These decisions are especially difficult because churches are meaningful places to the community.  Sometimes generations of families have worshipped there.  They are places of weddings and funerals, baptisms and confirmations, Sunday School concerts and church suppers.  They are places of profound personal experience.  Sometimes, they are also the location of a graveyard where family members and loved ones are buried.  It is not easy for a community to let go of its older churches.

And what happens to an abandoned church?  Some are demolished, some are sold and perhaps re-purposed, some are retained by the congregation as a place for special celebrations.  Some are protected as heritage buildings.  Sometimes church buildings are sold and must be moved to a new location.

My novel will be about one such abandoned church.

As I have learned in the courses I have taken and in my reading, every good story is about someone who wants something, how the someone sets about achieving the goal, and the consequences of achieving the goal.  I have recently taken a course from Deborah Carr, an excellent writing coach (her website (Nature of Words) is at  She puts it this way: a story follows the pattern of Desire, Struggle, and Resolution.

My novel will be the story of how a woman tries to preserve an abandoned church by bringing it to a new home, with unexpected consequences for herself and for the community.

This will be a complex subject:

  • It will deal with the transformation of a space from a sacred to a secular use.
  • It will be a story about a community and one person’s relationship with the community.
  • And it will be a story about what constitutes the sacred.


Are there churches in your area that have been abandoned or re-purposed?


Copyright  Jane Tims  2012

Written by jane tims

December 3, 2012 at 7:42 am

a poet … writing a novel

with 4 comments

As you may know, my manuscript of poetry on ‘growing and gathering’ local foods is completed (see the page ‘awards and accomplishments – completed my Creations project!!!,  November 1, 2012’ under ‘about’).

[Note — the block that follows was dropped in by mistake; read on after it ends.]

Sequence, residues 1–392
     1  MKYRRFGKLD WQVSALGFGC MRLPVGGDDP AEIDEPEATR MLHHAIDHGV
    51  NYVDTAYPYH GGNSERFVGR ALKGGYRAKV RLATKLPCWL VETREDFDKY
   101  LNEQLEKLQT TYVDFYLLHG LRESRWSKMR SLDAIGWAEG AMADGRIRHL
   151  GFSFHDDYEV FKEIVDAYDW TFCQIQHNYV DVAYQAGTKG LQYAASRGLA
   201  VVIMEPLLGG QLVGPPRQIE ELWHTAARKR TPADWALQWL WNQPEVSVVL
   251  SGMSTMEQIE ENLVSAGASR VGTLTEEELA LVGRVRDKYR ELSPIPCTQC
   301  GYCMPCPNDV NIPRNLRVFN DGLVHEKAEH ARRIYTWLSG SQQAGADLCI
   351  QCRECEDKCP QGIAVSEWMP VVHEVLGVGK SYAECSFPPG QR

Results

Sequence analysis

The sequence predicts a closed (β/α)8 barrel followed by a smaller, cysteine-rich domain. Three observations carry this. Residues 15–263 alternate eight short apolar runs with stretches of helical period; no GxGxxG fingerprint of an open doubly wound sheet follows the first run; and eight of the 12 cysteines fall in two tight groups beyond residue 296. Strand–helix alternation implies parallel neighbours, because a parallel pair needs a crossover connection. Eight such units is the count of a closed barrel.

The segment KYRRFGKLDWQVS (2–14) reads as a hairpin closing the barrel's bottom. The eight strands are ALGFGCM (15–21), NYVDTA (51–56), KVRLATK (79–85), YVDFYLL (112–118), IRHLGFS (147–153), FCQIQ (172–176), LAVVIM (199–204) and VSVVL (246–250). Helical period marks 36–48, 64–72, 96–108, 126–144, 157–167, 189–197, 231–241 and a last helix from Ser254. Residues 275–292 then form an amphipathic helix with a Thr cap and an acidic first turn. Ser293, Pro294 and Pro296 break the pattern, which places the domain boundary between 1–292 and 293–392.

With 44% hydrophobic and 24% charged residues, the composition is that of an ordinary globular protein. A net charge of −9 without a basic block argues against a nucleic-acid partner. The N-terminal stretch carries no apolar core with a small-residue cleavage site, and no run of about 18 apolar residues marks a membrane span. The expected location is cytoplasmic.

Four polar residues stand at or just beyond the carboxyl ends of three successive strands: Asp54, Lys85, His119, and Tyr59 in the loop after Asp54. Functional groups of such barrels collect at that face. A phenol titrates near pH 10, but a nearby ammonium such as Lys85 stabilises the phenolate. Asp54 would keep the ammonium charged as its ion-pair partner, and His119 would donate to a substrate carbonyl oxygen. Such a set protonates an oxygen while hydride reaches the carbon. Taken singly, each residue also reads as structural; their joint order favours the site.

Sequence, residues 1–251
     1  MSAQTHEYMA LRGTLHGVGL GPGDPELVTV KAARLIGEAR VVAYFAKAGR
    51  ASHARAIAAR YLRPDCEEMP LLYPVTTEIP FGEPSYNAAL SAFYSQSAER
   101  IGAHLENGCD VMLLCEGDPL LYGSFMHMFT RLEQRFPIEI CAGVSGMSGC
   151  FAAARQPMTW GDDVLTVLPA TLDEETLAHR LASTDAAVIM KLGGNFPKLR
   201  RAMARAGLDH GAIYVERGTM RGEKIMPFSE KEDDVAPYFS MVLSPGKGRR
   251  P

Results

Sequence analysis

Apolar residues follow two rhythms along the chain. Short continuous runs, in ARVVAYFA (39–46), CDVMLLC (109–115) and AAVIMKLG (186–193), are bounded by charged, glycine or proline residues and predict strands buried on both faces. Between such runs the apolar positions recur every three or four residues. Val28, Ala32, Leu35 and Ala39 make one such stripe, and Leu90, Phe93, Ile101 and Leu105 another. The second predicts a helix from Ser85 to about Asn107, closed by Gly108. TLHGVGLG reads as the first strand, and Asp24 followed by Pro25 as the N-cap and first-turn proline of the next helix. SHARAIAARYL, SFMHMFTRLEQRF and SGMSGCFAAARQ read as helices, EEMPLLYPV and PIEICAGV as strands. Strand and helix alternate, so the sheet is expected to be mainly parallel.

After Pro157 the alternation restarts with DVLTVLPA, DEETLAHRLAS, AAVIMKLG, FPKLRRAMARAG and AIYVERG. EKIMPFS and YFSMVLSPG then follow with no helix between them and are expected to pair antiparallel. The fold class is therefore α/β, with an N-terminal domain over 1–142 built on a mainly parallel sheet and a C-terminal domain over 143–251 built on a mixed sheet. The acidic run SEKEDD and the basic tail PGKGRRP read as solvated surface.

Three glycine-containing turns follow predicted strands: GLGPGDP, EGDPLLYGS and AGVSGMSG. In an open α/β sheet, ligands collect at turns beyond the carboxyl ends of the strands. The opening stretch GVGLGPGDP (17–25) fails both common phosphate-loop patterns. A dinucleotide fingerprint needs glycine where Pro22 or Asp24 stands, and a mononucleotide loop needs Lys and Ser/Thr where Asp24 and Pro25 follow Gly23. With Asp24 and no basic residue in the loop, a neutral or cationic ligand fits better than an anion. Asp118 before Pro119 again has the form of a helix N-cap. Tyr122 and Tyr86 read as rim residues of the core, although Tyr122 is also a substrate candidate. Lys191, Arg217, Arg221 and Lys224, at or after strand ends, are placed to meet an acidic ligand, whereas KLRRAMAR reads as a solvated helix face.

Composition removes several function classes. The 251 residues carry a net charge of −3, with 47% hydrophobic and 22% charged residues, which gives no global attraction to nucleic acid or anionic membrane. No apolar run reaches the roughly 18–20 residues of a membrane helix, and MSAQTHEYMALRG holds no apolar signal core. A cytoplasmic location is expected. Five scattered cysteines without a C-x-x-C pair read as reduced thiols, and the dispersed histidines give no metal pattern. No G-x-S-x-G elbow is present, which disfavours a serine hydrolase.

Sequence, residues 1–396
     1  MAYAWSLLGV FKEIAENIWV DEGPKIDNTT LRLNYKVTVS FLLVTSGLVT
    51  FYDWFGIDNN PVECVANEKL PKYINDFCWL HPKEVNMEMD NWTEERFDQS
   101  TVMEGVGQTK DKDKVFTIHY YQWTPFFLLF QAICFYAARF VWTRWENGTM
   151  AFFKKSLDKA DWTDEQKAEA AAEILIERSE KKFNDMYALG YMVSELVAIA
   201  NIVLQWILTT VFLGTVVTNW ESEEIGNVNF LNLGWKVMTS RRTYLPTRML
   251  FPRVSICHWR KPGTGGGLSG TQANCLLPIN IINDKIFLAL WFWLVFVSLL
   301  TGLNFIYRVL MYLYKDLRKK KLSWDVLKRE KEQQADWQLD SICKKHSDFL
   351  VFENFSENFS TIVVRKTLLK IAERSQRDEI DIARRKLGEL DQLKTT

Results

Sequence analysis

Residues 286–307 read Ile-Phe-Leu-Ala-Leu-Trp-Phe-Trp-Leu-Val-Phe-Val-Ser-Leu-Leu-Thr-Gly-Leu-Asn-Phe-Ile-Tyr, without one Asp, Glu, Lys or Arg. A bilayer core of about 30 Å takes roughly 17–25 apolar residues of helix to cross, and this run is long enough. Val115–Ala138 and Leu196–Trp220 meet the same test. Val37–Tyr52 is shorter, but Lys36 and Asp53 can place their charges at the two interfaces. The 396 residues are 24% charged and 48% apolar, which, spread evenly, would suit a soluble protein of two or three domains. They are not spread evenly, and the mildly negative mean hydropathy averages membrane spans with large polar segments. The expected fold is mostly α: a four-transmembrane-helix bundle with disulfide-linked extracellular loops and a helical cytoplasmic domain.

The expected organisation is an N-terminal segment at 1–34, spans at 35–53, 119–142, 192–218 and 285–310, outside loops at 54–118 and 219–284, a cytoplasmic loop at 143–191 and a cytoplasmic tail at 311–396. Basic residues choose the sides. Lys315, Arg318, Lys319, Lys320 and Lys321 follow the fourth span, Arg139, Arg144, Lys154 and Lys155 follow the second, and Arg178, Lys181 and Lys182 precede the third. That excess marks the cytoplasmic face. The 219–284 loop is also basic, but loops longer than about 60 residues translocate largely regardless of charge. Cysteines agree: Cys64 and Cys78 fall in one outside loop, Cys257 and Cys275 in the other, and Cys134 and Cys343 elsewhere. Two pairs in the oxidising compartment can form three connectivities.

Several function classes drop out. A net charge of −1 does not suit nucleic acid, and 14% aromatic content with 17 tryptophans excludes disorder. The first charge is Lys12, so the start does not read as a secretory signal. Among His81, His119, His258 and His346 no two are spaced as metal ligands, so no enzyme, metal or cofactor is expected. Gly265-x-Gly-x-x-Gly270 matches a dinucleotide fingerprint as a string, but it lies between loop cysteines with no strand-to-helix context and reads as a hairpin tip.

Now, I have about six months before I can begin the next poetry project I have planned.  I have to wait until spring because the new project also involves plants and uses of plants.  And, of course, spring and summer are the best time to pursue this subject.  In the meanwhile, during the fall and winter, I have decided to work on a different kind of writing project.  I want to try my hand at writing a novel.  I have written novels before (nothing published), so I have a little experience.

a stack of my Rough Books

I know how different writing a novel and writing poetry are, and yet there are similarities.  Both forms of writing are creative, both seek to use words well to convey ideas, both require vetting before a writerly audience, and both need the energy of the edit.  I also think both benefit from a little exposure before completion.  So I have decided to bring my novel-writing project to my blog.

When I worked on ‘growing and gathering’, I benefited greatly from being able to explore my ideas on-line.  I found both the writing practice, and your comments and ongoing readership, very helpful.

Since I want to publish the novel when I complete it, I will be careful to publish only a small percentage of the story on-line.  I also want to maintain suspense, so I will not reveal too much of the plot.  However, I will explore where some of the ideas for the book originate, a little about characterisation, and something about the process as the book evolves into being.

During this month, I have been taking a course called Writing Life Stories from a friend and writing coach, Deborah Carr (for her beautiful website ‘Nature of Words’ and information on taking her Writing Workshops, see ).

Deborah has helped me to understand the basic ‘three’ of all stories… a story tells us:

1.  someone wants something

2.  how they reach for it

3.  the result

When I think about the story I want to tell, I will also follow this simple path…

Copyright  Jane Tims  2012

Written by jane tims

November 16, 2012 at 7:53 am

%d bloggers like this: